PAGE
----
The Occupational Safety and Health Act of 1970 heralded a new era in the history of public efforts to protect workers from harm on the job. This Act established for the first time a nationwide, federal program to protect almost the entire work force from job-related death, injury and illness. Secretary of Labor James Hodgson, who had helped shape the law, termed it "the most significant legislative achievement" for workers in a decade.1 Hodgson's first step was to establish within the Labor Department, effective April 28, 1971, a special agency, the Occupational Safety and Health Administration (OSHA) to administer the Act. Building on the Bureau of Labor Standards as a nucleus, the new agency took on the difficult task of creating from scratch a program that would meet the legislative intent of the Act.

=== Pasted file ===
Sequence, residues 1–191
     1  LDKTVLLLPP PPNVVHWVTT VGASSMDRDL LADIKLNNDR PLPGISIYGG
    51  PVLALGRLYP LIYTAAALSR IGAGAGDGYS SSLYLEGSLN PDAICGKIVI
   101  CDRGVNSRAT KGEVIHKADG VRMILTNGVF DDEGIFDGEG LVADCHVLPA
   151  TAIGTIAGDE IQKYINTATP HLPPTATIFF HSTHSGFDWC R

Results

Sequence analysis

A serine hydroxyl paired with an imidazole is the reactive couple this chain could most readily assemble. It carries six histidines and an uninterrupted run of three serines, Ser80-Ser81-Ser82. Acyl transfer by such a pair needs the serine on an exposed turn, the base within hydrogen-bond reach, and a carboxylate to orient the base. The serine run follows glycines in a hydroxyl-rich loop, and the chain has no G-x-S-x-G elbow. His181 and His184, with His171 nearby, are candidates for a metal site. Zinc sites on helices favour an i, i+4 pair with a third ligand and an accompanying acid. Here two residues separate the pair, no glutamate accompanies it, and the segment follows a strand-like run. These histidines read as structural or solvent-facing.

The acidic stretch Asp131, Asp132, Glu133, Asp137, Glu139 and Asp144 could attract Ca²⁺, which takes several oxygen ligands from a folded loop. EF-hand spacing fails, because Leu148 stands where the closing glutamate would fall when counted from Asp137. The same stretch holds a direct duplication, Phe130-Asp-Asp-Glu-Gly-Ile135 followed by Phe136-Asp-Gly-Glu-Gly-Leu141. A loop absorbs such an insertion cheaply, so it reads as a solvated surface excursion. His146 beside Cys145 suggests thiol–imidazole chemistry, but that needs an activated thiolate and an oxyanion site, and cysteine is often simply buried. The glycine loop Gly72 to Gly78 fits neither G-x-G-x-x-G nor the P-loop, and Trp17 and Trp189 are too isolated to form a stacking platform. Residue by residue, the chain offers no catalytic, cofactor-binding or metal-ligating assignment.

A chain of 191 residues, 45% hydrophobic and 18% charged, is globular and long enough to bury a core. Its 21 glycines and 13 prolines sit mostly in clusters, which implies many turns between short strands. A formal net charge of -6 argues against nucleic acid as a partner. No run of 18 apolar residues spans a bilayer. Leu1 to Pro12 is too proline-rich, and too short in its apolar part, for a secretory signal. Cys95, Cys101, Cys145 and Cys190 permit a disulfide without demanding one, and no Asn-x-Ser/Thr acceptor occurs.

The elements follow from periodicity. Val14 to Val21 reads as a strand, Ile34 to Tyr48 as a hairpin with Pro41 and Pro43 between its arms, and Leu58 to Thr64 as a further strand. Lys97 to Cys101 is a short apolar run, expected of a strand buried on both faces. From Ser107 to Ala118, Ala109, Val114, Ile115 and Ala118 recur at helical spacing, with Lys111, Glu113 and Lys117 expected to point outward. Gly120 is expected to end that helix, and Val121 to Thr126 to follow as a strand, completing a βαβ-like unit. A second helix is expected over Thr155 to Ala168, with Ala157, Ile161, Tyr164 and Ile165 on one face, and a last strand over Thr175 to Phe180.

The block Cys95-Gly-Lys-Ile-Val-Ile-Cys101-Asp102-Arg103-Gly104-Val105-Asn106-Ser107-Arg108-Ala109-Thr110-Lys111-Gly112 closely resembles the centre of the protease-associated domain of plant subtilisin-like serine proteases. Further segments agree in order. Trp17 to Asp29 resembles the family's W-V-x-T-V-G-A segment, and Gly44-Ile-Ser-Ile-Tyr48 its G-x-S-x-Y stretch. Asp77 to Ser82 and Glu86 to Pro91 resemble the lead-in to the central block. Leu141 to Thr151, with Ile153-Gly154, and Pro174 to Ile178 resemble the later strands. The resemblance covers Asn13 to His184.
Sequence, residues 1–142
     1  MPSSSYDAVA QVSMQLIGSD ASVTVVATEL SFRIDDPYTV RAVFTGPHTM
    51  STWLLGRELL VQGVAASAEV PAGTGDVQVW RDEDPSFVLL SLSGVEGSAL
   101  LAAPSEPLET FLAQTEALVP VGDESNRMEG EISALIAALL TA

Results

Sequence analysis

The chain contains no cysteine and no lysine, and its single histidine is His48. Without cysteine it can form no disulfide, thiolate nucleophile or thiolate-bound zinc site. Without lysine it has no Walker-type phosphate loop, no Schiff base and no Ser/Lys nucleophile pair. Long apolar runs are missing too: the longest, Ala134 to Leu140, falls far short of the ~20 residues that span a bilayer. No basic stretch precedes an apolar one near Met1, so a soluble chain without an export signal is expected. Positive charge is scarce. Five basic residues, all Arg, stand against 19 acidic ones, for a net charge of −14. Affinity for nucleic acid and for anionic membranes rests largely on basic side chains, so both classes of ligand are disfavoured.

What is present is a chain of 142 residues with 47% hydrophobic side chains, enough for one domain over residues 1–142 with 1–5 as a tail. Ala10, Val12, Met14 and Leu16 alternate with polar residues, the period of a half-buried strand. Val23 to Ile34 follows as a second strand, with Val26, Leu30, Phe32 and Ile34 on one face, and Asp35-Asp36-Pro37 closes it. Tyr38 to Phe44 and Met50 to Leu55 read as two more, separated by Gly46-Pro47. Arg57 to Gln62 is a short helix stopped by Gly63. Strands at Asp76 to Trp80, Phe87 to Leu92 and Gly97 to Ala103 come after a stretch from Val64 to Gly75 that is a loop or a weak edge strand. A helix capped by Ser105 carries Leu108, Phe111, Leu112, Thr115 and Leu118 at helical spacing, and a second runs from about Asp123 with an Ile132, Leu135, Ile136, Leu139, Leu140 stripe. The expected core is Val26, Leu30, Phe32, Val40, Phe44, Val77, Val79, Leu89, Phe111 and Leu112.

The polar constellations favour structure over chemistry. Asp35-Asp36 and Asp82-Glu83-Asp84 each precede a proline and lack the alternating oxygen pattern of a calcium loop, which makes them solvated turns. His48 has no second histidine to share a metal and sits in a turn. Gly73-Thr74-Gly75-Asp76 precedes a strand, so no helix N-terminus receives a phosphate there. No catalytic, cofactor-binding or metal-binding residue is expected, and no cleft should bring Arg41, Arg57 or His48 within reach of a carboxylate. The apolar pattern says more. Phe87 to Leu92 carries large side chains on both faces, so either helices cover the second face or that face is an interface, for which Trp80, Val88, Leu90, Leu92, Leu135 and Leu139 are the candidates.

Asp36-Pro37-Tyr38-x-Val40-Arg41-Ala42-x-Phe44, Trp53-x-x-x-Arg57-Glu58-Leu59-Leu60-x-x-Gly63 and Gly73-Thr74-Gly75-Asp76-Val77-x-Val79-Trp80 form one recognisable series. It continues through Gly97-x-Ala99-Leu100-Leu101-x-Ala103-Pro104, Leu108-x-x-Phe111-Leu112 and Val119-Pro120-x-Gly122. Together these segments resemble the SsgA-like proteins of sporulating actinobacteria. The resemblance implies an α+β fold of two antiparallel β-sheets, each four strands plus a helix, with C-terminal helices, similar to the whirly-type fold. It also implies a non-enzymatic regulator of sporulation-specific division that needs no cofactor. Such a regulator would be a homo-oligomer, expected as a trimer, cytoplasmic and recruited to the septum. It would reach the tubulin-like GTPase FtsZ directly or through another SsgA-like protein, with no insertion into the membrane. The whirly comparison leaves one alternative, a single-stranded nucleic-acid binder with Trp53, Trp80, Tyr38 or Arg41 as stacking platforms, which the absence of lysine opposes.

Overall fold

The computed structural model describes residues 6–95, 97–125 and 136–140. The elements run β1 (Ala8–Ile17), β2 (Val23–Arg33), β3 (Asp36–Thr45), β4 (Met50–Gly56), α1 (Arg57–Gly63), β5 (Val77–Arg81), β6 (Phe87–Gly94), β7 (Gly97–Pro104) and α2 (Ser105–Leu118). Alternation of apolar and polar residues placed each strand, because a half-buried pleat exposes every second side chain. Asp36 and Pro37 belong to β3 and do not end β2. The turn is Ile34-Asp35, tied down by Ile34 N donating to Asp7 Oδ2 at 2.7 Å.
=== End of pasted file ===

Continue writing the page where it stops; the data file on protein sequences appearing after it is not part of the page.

- George Guenther Administration, 1971-1973: A closely watched start-up
- John Stender Administration, 1973-1975: OSHA becomes an agency in crisis
- Dunlop/Corn Administration, 1975-1977: Reform and professionalization
- Eula Bingham Administration, 1977-1981: Of minnows, whales and "common sense"
- Thorne Auchter Administration, 1981-1984: "Oh, what a (regulatory) relief"
Mr. MacLaury is U.S. Dept. of Labor Historian. He wrote this history in 1984 at the request of Thorne Auchter, Assistant Secretary of Labor for Occupational Safety and Health.